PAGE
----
The modern technological world makes it hard to escape constant notifications. To get things done you have to set aside time to either physically disappear or technologically disappear. I suggest getting far away from others. I have a second quiet office space. Airplane mode on you mobile device is a good second for those who can’t get away physically.
Knowing your most productive hours, whether it’s late at night or early in the morning, and focusing on important tasks will move things forward. But you can’t work late every night, so discipline is required. Muting notifications, closing the door and creating a heads-down environment creates more focus. Telling staff when and when not to interrupt you will set productive boundaries.
Our office is low-key to begin with, so when it comes time to accomplish some critical work, all I need to do is make sure to focus on that one task and one task only. This is key to me getting my work done in a timely manner as there are worlds of distractions now. It is such simple advice, but focusing on the most important task and nothing else will improve your productivity significantly.
Home can have their own distractions of laundry or cleaning. If you don’t feel the need to do those, then working from home to focus is great. People won’t show up at your desk to chit-chat. You can control the atmosphere of noise and scents (ideally peppermint). Put your computer and phone on “Do Not Disturb” then get in the zone. You also gain time back from not having to commute.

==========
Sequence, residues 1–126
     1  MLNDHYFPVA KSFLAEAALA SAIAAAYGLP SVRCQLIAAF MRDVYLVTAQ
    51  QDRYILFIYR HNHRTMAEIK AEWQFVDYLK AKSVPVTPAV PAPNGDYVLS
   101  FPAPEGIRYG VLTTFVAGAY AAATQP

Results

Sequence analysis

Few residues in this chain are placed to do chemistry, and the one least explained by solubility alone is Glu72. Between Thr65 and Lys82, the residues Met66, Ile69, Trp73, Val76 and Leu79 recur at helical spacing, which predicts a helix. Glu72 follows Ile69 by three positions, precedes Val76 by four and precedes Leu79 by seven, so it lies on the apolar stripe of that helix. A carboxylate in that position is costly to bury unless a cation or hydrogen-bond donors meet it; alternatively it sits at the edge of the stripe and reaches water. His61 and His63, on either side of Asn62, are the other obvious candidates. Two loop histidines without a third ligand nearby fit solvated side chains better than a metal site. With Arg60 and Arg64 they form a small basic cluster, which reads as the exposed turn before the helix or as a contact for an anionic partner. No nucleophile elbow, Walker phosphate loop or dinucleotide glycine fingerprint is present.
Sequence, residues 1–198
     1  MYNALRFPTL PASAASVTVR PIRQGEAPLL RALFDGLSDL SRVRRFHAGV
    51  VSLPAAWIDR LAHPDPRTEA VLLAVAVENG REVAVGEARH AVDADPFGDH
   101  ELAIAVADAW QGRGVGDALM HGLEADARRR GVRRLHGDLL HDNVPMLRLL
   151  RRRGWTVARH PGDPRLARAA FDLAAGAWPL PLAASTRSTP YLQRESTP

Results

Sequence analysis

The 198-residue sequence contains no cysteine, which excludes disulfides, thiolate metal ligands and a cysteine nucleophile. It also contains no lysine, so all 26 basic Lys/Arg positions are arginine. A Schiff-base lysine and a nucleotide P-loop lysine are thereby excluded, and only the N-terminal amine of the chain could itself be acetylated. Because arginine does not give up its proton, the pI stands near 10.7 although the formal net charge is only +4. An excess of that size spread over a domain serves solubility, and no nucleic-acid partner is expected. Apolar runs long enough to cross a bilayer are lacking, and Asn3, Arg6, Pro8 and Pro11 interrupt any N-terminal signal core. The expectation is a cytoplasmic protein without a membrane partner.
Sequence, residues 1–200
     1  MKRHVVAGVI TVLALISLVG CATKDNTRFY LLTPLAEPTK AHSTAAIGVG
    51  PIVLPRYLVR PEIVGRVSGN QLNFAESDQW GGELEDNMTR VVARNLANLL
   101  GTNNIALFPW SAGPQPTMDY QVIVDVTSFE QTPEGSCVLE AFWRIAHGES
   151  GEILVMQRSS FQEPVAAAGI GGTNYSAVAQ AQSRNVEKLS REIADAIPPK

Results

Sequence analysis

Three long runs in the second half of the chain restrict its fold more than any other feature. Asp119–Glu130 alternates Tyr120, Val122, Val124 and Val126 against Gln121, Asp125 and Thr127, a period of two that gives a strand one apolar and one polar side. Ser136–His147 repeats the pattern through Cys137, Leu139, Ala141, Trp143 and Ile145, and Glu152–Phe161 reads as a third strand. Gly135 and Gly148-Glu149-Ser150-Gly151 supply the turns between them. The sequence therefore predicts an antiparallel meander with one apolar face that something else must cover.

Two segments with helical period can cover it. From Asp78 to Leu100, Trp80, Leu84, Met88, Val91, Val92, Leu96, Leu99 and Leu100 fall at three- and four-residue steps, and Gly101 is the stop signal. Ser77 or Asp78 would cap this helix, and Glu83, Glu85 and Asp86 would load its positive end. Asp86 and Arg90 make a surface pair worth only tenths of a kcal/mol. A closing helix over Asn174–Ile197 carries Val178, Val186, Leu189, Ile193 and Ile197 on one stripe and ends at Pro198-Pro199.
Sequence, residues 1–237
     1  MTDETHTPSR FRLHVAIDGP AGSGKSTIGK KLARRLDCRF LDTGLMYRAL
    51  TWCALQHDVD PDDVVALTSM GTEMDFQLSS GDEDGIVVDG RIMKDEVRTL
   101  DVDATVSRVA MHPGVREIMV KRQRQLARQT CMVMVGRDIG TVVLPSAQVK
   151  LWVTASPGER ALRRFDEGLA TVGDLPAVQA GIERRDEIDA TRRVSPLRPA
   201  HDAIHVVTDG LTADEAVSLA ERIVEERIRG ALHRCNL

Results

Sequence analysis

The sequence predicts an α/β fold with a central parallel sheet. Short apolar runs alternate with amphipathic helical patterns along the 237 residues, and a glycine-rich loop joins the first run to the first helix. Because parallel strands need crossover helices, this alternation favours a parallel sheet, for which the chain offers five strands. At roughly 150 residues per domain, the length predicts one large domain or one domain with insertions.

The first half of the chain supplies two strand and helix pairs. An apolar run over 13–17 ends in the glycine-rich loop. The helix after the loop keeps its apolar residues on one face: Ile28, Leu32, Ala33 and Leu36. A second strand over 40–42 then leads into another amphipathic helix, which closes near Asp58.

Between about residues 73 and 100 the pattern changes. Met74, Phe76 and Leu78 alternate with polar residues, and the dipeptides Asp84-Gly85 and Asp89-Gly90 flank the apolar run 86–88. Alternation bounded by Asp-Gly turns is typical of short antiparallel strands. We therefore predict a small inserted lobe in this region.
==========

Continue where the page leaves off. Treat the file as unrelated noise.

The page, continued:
A time tracker is an effective way to help you focus because they will block certain sites during a specific time or simply remind you that you’re supposed to be doing a certain task. This extra level of accountability will make it easier for you to stay focused on the task at hand.
What I’ve done to eliminate most of the distractions and background noise when I work on important tasks is to start as early in the day as possible. Getting your most important work done in the wee hours of the morning provides the same benefits of working late a night, but with none of the drowsiness or irritability. Plus, it’s nice to watch the sunrise every morning!
I find that the best time to focus on important creative work is when everyone else is sleeping. This is a time when it is conveniently inappropriate for anyone to call, email or message you. When everyone in the house goes to sleep, I make myself a cup of coffee and go into work mode. This works for me because I’m a night owl. I hear people also work early in the mornings as well.
If your organization has a shared calendar, you can block time on your calendar for undisturbed “quiet” time to get your work done without distractions. People will notice that you are busy because your calendar is blocked off and won’t interrupt your flow.
Visualizing yourself working is a great way to get you motivated and into the groove. Just picture yourself completing the task you’ve been procrastinating on and how happy you will feel when it’s over. Then, go do it!
– John Turner, SeedProd LLC